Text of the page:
Translating the Dark Surrealism of Samanta Schweblin’s “Mouthful of Birds”
Megan McDowell on the challenges of translating strange fiction — and why it’s worth it
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In 2017, Samanta Schweblin’s novel, Fever Dream, was released in English. The surreal, hallucinatory tale about a woman dying from a mysterious poison, expertly translated from Spanish by Megan McDowell, earned a cult-like reputation among writers and raves from critics for its sparse prose and haunting tension.
Schweblin’s latest collection in English, Mouthful of Birds, also translated by McDowell, offers up twenty short stories that are just as haunting as Fever Dream.
The first story, “Headlights,” is a pitch-perfect rendering of abandoned women sobbing in a dark field. The story hints at a larger terror at its own periphery, leaving the reader in wait for something even more terrifying to happen, all while underscoring the generational tension between young women and their elders.
Other pieces examine strange almond-like pregnancies, a bizarre fight in a truckstop restaurant with a short man who has a tall dead wife, a merman, a depressed brother, and heads against concrete.
While the collection fluctuates as a whole between fully fleshed out stories and looser pieces, there is no denying the originality and darkness that defines Schweblin’s work. Even Schweblin’s less polished stories are tense wonders.
The more I read of Mouthful of Birds, the more questions I had about how it came to be in English. As translator, McDowell must also confront the darkness in Schweblin’s work, perhaps more intimately than anyone, and bring these vicious, yearning scenes to life in another language.
McDowell and I spoke via email about how she became a literary translator, why she is drawn to darkness in literature, and what’s coming next from Samanta Schweblin.
Sarah Rose Etter: What first drew you to Samanta Schweblin’s work? You’ve worked with her as a translator for two books now, so I was curious how you two found each other.
Megan McDowell: Well, I was lucky enough to be offered the translation of Distancia de Rescate (Fever Dream) when Riverhead bought it. I think it was because of a recommendation from Alejandro Zambra. Laura Perciasepe at Riverhead sent me the book and I started reading it over dinner that same evening. And once I started I couldn’t stop. I had other things to do and I had to get up early the next day, but I just couldn’t stop reading. I finished it late that night. It’s not often that a book can just take you out of your world so immediately and completely. So of course, I said yes.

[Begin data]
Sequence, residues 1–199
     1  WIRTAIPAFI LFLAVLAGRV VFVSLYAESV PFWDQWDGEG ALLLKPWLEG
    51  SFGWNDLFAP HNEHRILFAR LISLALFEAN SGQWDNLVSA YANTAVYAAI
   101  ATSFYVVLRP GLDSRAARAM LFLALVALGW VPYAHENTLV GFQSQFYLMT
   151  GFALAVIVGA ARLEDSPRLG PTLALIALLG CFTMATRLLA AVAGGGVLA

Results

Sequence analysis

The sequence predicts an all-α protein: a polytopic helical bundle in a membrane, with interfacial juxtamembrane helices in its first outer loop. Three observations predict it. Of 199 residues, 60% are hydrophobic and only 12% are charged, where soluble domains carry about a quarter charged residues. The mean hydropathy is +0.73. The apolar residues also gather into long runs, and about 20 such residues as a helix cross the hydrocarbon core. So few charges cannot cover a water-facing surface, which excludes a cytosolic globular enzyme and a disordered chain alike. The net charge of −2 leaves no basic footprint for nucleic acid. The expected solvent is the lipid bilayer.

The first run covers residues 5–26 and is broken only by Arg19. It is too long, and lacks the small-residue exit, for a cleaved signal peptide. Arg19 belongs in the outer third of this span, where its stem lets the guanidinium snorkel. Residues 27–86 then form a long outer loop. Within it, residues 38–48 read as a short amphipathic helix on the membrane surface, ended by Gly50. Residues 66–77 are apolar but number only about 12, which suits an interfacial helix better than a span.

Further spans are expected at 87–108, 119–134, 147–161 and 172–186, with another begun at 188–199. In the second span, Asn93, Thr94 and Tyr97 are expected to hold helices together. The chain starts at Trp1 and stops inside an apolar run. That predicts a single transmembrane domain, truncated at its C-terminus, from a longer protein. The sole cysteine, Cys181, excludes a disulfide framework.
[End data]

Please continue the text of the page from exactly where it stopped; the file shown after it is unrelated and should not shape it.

Mouthful of Birds is the second book I’ve translated by Samanta, and there are two more on the way. I’m working on her second novel now, called Kentukis, and I love it — it’s creepy and surprising. After that will come her short story collection, Siete casas vacias (Seven Empty Houses), which came out in Spanish in 2015.
SRE: I wasn’t planning to ask about the next work coming out yet, but I can’t help myself. You have to tell us a little bit about Kentukis and Siete cases vacias. Just a tiny bit about each?
MM: Kentukis is Samanta’s new novel that just came out a month or two ago. It’s very different from Fever Dream, but just as compelling. It’s structured as many interwoven stories of people from vastly different backgrounds living all around the world. It’s an exploration of the way technology has of infantilizing us as we incorporate it into our daily lives, how even as it offers us new possibilities and abilities, it also tends to narrow our perspective and make us grow complacent.
As of now, the book’s opening line in English is: “The first thing they did was show their tits.”
Siete casas is, as I said, short stories, only seven of them as the title suggests. Like Mouthful of Birds, these stories have a precision and weirdness that disorients and intrigues; they tend to center on domestic worlds that are distorted in a way that makes the reader question any sense of security she may have. Here are seven first lines:
“We’re lost,” says my mother.
“Where are your parents’ clothes?” asks Marga.
Mr. Weimer is knocking at the door of my house.
The list was part of a plan: Lola suspected that her life had been too long, too simple and light, and now it lacked the weight that would make it disappear.
My mother-in-law wants me to buy some aspirin.
The day I turned eight, my sister — who absolutely always had to be the centre of attention — swallowed an entire cup of bleach.
Three lighting bolts illuminate the night, and I catch a glimpse of some dirty terraces and the buildings’ partition walls.
SRE: Those lines are incredible — especially the cup of bleach line. Very excited to hear both of those are in the works. But let’s focus on Mouthful of Birds. How did you feel when you first read Mouthful of Birds?
MM: I’ve always had a soft spot for dark literature, psychological horror, stories that make us uncomfortable when we read them. Samanta is a master of that, without relying on any genre tropes. Her work is genuinely surprising and thought-provoking.
When I translate a book or story I have to read it over and over, and I never get tired of reading Samanta’s work. I get something new out of it every time, change my interpretation a little, pick up on something I hadn’t before. That kind of writer is a joy to work with.